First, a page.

Page 33 - Winter Issue 2018
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of potential experiences. Lubman’s documentation and acous- the direct study of living humans. In contrast, archaeology
tical analysis of the sonic enhancement effect of medieval Eu- is about the indirect study of human life via materials. Al-
ropean shrine architecture demonstrates a physical basis for though in recent decades, archaeology has taken an experi-
the spiritually transformative experience recounted in histori- ential turn (e.g., Shanks, 1992; Hamilakis, 2013), with grow-
cal documents and elaborated in literature. ing discourse around sensory concerns (Day, 2013) and even
incorporating cognitive neuroscience (Renfrew et al., 2009),
sound as A.-chaea|ggi¢a| such literature typically discusses sound from a philosophi-
Evidence: Af-chaeoacous1;ica| Thea“, cal rather than a scientific perspective.
and lvlethad Archaeoacousticians directly address the sensory implica-
DrscrP1rnai'}’Back3Tou”‘r-' Studying Soundrn Archaeorog7 tions of material archaeology and, although often reference
Because ‘archaeologY emPloYs eXPerts from manY nelds> the psychoacoustical quantities, infrequently apply auditory
eXPloration or sound‘related archaeological concerns bY scientific methodologies in detailed studies of archaeologi-
acousticians might seem a tYPical collaboration However! cal sites or materials. My dissertation research leveraged
acoustical science is a novel and infrequent addition to the experimental Psyehoaeousties to evaluate experiential im.
archaeological toolkits with sonic concerns tYPicallY given plications of Chavin’s interior acoustics, situating systematic
cursorY mention it not ignored- Until recentlY (e-g-> Scarre auditory localization experiments within the archaeological
and Lawson’ zooo)’ sound as a toPic ror archaeological in‘ architecture (Kolar, 2013). In these experiments, the sound
quirY Was assumed common sense or relegated to musicolo' stimulus was a recording of a site-excavated conch shell
gistss Who PrimarilY deal with nonsonic musical culture! such horn (a Chavin pututu), chosen for both its ecological valid-
as textual and graPhical rePresentations or musical Practices ity to the archaeological context and its sonic characteristics
or the reconstruction or instruments and tuning sYstems- of a noisy attack and tonal sustain. To facilitate a consistent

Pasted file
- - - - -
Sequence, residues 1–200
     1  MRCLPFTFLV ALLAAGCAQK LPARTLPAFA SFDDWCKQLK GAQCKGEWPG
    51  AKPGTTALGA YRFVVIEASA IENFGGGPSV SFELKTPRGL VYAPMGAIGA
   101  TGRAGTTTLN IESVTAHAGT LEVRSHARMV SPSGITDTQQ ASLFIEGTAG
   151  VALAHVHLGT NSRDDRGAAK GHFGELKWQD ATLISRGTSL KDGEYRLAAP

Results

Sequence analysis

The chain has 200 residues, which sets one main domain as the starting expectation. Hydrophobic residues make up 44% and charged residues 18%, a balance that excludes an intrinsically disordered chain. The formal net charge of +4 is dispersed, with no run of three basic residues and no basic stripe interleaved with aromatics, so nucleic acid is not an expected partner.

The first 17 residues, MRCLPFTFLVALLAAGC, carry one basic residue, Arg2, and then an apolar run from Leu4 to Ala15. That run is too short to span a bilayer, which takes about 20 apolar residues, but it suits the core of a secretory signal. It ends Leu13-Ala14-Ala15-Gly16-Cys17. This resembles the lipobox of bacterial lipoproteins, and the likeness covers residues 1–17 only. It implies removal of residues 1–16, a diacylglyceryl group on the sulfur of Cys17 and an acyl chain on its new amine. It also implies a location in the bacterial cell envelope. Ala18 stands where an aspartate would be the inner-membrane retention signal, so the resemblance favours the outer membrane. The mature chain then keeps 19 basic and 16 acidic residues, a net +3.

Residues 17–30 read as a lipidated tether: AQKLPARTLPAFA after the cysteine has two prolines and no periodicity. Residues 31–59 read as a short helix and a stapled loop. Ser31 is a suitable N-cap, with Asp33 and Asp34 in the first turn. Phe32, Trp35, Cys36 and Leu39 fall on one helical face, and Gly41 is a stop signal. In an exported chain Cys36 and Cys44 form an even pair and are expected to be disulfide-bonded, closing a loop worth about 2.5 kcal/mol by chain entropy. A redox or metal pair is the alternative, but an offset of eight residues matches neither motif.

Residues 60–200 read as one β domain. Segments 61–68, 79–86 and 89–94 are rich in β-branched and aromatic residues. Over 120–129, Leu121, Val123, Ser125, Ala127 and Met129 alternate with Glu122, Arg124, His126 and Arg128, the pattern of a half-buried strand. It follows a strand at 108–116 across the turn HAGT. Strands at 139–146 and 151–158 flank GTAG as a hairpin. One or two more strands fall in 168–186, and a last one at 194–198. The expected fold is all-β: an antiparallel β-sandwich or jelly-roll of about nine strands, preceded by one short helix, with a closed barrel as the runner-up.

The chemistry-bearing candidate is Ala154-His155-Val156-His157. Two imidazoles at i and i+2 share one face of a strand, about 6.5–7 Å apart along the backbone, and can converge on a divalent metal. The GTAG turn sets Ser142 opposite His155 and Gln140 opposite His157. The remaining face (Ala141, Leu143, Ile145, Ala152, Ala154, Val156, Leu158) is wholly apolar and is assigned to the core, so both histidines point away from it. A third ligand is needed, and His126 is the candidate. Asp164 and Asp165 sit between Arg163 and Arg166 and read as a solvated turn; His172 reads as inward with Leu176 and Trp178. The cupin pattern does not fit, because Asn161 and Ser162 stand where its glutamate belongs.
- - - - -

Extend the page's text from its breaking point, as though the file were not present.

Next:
The habitual dismissal or sound as a toPic tor archaeological stimulus across all combinations of source and listener loca-
studY maY relate to the mismatch between ePhemeral un' tions, the pututu sound stimulus was recorded with a mi-
der standings or sound and the Premise or contemPorarY ar' crophone located at the instrument bell and reproduced in
chaeologY- Archaeologists investigate human eXPeriehce tn‘ the experiment through matching single-driver, directional
di’ectl}’> inferring human actions on things and Places from loudspeakers (Meyer MM-4XP) calibrated to 96 dB(A) at 1
material evidence (such as “use'Wear” marks on objects) meter to approximate the sound level and directionality of
rather than from direct accounts bY indiViduals- DesPite its these conch shell horns. Figure 3 is an architectural illus-
material basis: archaeologY otten incorPorates knowledge tration from survey data of one of the two Chavin galleries
from the ethnograPhic Work or anthroPologY or etrmomusi‘ where the experiment took place, with a scaled 1.68-meter
cologys Where testimonials and Practices are recorded from human figure depicting eight sequentially tested participant
living humans, or from the narratives that constitute writ- Positions with facing directions (labeled «pOS>>) and Six
ten historYs to form rmologtcol or corroborative arguments- separately sounding stimulus locations (labeled “SOURCE”)
in Practice: archaeological interPretation is a nuanced Pro‘ where loudspeakers were directed away from nearest walls.
cess of identitYing and interrelating converging tor ms or eVi' The experiment produced data towards understanding how
dence of human actions and related environmental ractors- the waveguide-like architecture influences localization cues
Sensory Phenomena in Archaeology in this purported ritual environlnent (Kolar, 2013), research
Both archaeology and acoustics focus on materials. The that mtttated wttatttetet to as SenS°rY'SPatta1 mappmg of
inferential logic that transforms sound into archaeological the atchaeologtcal Settmg'
material requires a discussion of mechanics and relation- Recanstructingand Interpret1'ngArcI1aea1og1'caI Sound
ships. Such conceptualization is not unlike the logic that Although this article features experimental archaeoacous-
archaeologists use to trace the effects of human actions and tics research that explores extant architecture, instruments,
environmental processes on cultural materials. However, and sites, some archaeoacoustics work is more theoretical,
studying sound and humans requires an examination of sen- based on reconstructions using computational modeling
sory, perceptual, and cognitive aspects of sonic experience. techniques and dynamical estimations. For experimental
Human-produced and received sounds have physiological observation, whether in situ or in models, sound must be
and psychological ramifications, studied via psychology in generated via some form of vibratory excitation or a mod-
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